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Enhancing WordPress User Deletion: A Comprehensive Guide

WordPress is a versatile platform, but it can struggle with performance issues during the user deletion process, especially with large user lists. This guide provides a solution that enhances the user deletion process, addressing these performance issues and providing a mechanism for reassigning comments of deleted users.

The Problem

When deleting a user in WordPress, especially in instances with a large number of users, the platform can experience significant performance issues. This problem has been reported in the WordPress core tickets #19867 and #58906. The issue arises from the dropdown list in the user deletion interface, which can become unwieldy with a large user base.

Additionally, WordPress does not provide an option to reassign the comments of the deleted user to another user. This omission can lead to orphaned comments that are no longer associated with any user, causing potential confusion and data loss.

The Solution

We’ve developed a solution that addresses these issues. Our solution involves using a Select2 version of the select for performance, and a combination of filters and hooks to check and reassign comments. This solution is class-oriented and uses PHP and JavaScript.

Setting Up the Solution

Setting up this solution involves three main steps: adding the hooks, adding the methods, and adding the JavaScript.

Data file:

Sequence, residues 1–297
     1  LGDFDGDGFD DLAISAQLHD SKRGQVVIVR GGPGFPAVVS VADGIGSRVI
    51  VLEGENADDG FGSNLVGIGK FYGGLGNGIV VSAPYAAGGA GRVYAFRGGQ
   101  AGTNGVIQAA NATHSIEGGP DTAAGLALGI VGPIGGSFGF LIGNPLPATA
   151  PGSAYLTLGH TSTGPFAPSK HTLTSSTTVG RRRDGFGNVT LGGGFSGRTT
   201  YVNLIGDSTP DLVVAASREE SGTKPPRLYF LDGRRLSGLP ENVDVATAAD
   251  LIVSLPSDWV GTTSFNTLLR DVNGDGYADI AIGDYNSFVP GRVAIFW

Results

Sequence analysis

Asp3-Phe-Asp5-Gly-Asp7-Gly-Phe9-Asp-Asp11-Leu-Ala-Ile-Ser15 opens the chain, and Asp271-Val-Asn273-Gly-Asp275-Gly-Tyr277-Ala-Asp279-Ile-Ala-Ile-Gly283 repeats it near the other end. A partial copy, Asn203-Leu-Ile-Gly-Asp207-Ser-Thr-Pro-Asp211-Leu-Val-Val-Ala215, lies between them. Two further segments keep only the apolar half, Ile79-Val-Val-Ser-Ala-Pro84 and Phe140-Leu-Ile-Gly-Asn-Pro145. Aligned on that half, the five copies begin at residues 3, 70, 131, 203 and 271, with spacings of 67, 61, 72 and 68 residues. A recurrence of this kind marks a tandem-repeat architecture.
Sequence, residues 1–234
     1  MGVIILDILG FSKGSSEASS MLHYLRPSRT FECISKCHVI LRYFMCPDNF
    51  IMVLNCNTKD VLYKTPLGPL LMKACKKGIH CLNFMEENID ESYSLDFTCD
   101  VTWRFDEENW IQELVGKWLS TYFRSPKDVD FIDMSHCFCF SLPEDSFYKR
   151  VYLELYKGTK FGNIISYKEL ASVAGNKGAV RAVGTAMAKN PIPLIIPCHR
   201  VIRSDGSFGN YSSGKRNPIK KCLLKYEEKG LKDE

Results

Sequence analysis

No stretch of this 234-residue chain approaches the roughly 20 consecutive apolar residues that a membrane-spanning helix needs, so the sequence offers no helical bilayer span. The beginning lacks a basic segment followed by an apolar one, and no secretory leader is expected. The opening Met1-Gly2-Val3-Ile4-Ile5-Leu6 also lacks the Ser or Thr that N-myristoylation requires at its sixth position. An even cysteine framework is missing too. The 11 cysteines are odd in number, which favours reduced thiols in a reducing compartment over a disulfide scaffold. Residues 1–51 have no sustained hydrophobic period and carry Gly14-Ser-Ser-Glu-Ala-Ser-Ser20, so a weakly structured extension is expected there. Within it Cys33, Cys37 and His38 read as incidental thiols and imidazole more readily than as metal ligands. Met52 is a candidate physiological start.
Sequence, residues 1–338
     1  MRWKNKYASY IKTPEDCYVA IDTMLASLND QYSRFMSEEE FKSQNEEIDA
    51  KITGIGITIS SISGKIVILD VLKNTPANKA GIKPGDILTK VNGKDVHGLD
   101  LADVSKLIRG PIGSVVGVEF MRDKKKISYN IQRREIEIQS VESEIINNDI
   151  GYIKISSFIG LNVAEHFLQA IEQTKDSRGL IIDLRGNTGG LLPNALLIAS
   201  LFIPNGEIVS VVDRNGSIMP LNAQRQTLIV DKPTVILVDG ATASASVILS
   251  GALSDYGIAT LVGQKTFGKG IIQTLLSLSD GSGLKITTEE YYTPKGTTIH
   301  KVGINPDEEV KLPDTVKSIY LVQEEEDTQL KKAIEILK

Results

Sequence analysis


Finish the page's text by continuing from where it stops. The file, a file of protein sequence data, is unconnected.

1. Adding the Hooks

The first step is to add the hooks. Hooks allow you to “hook” your own custom functionality into WordPress. In this case, we’re adding three hooks: wp_ajax_ajax_get_users, delete_user, and users_have_additional_content. These hooks are added using the add_action and add_filter functions of WordPress. Here’s the code:

add_action( 'wp_ajax_ajax_get_users', 'ajax_get_users' );
add_action( 'delete_user', 'on_delete_user', 10, 2 );
add_filter( 'users_have_additional_content', 'to_delete_users_content', 10, 2 );

Note that the wp_ajax_ajax_get_users hook is a special hook composed of wp_ajax_ and the name of your actual function or method you will be hooking to it: ajax_get_users in this case.

2. Adding the Methods

The next step is to add the methods. These methods define what happens when the hooks are triggered. We’re adding three methods: ajax_get_users, on_delete_user, and to_delete_users_content. The ajax_get_users method is used to populate the Select2 in the User Delete User admin area when typing a username into the Select2 instance, on_delete_user method reassigns comments when a user is deleted, and to_delete_users_content checks if a user has more content (in this case, comments) when they are deleted. You can find the full code for these methods in the GitHub Gist.

3. Adding the JavaScript

The final step is to add the JavaScript. This script uses jQuery and Select2 to create a new dropdown for user selection, and updates the value of the existing dropdown when a user is selected. This script is enqueued only on the specific page using the wp_enqueue_script method. You can find the full code for this script in the GitHub Gist. Do not forget to enqueue Select2 CSS and JS as well, along with your custom script.


With this solution, you can significantly improve the user deletion process in WordPress. It addresses the performance issues when dealing with large user lists. Additionally, it provides a mechanism to reassign comments of deleted users to another user, an enhancement that fills a feature gap in the current WordPress system.

Whether you’re a seasoned WordPress developer or a beginner, this guide provides a comprehensive solution to these specific WordPress challenges. We hope it helps you understand and implement this improvement in your WordPress projects.